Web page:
Red Hat Inc.'s planned acquisition of Sistina Software Inc., which was announced last week, is further evidence
of the Linux distributor's intention to concentrate on driving Linux beyond the perimeter and deep into enterprise computing, a storage analyst said.
"This is more of a question of what Red Hat needs to do to compete," said John S. Webster, senior analyst and founder of Nashua, N.H.-based Data Mobility Group.
Webster holds up Microsoft as an example of a company experiencing pain points with storage in the enterprise.
"Windows is not good about addressing storage, in particular network-attached storage and SANs. It can be a pain in the rear," Webster said. "Microsoft is addressing these problems. They understand that if they want to play in the enterprise, they've got to be SAN-friendly.
"The same thing goes for Linux. It has to be storage-friendly. It has to be networked-storage-friendly. That's one thing Sistina's file system technology will allow Red Hat to do. This is a significant move for them."
Red Hat on Thursday announced its intention to acquire the Minneapolis-based storage vendor, for $31 million in cash. The same day, it also announced quarterly revenue of $33.1 million, a 36% year-over-year jump.
The Sistina deal gives Red Hat beefy storage technology, including Sistina GFS, Logical Volume Manager for Linux and Sistina GFS for Oracle 9i RAC.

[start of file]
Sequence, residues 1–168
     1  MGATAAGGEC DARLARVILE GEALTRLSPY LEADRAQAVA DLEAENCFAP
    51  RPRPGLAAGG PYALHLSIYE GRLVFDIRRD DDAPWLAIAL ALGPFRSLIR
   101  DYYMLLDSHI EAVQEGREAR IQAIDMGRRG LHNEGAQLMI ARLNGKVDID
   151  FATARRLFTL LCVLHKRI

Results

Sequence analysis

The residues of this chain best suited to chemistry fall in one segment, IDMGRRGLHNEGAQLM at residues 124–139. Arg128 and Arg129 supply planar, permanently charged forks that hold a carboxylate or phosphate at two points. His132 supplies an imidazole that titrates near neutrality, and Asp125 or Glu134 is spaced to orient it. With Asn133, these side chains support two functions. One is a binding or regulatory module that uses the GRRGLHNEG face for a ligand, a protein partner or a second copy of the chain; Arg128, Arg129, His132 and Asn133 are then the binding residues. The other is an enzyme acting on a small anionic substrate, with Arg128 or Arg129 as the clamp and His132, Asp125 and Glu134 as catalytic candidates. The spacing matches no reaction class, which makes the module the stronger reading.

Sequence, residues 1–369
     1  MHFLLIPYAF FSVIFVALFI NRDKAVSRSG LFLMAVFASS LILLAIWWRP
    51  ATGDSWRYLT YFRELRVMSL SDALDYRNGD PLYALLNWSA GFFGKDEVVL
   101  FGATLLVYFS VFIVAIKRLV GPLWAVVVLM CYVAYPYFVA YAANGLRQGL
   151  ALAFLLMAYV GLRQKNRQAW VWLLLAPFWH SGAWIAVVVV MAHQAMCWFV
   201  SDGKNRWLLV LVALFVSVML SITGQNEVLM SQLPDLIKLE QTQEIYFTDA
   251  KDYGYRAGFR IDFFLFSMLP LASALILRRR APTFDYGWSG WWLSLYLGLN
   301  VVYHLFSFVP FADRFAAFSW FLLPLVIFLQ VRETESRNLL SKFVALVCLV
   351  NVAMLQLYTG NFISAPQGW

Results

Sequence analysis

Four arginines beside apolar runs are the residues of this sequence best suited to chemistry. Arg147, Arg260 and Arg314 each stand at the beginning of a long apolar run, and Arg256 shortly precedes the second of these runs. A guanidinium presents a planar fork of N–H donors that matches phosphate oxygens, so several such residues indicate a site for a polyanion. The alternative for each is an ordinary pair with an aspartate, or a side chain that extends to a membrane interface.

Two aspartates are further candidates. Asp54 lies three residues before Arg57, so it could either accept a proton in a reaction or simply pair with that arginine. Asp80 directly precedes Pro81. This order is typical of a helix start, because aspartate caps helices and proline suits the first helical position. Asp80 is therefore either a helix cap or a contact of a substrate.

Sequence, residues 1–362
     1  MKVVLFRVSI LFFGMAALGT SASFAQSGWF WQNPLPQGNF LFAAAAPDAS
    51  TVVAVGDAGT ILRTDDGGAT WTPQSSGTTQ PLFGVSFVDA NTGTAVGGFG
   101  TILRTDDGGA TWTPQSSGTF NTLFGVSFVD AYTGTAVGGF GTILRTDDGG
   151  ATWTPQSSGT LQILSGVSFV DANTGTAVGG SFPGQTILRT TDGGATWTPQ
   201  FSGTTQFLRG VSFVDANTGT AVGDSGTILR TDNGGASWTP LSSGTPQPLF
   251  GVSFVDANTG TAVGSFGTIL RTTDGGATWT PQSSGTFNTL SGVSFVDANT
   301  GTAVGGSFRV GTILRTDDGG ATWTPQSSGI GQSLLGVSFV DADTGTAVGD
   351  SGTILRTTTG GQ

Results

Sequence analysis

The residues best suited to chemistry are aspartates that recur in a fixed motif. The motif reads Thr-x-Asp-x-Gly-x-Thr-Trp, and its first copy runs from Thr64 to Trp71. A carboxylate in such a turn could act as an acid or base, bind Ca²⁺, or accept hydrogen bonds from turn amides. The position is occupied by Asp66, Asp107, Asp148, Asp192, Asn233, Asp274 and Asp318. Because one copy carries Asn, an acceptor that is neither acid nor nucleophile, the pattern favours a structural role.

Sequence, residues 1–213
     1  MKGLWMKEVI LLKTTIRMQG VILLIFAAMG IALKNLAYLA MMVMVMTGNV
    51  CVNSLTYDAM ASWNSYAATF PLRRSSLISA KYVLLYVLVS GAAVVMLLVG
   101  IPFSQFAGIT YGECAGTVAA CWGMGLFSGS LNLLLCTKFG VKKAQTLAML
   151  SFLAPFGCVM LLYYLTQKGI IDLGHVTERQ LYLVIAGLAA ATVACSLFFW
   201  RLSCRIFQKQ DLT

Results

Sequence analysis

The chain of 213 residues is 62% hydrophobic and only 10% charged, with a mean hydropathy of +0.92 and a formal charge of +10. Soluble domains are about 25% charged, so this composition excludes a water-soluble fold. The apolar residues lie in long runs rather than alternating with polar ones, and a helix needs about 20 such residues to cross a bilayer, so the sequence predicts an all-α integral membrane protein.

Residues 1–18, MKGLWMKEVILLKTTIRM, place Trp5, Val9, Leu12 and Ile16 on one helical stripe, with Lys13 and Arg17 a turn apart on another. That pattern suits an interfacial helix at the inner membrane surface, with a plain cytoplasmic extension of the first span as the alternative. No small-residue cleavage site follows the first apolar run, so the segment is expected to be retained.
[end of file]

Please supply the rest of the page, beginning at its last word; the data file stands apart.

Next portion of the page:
Sistina GFS is a scalable clustered file system for Linux that is suitable for technical computing shops as well as enterprise implementations. LVM enables enterprise-level disk volume management that groups physical disks into virtual disk volumes. Sistina GFS for Oracle 9i RAC simplifies implementation and management of Oracle 9i RAC systems.
"Red Hat is going to make this part and parcel of its total offering for high-end enterprise customers," Webster predicts. "Sistina's file system is already integrated onto IBM's implementation of Linux on the mainframe. Red Hat sees this as further leverage into mainframe shops."
Sistina developers are lead developers for LVM on the Linux kernel, which was a significant enhancement in the release of the 2.6 kernel last week. Red Hat said in a statement that it plans to make Sistina's technology open source.
"The acquisition of the Sistina technology and world-class development team, in close collaboration with the open source community, will greatly accelerate the availability and advancement of open source storage solutions for the enterprise," said Paul Cormier, Red Hat's executive vice president of engineering, in a statement.
The acquisition also wrapped up a week of purchases and consolidation on the storage front. EMC Corp. kicked off the week picking up VMware Inc., another move that should drive virtualization and Linux deeper into the enterprise.
"The EMC [purchase] was driven by the fact the [VMware] was in play and they had to move on it now or lose it to Veritas, perhaps," Webster said. "And that wouldn't be good for EMC."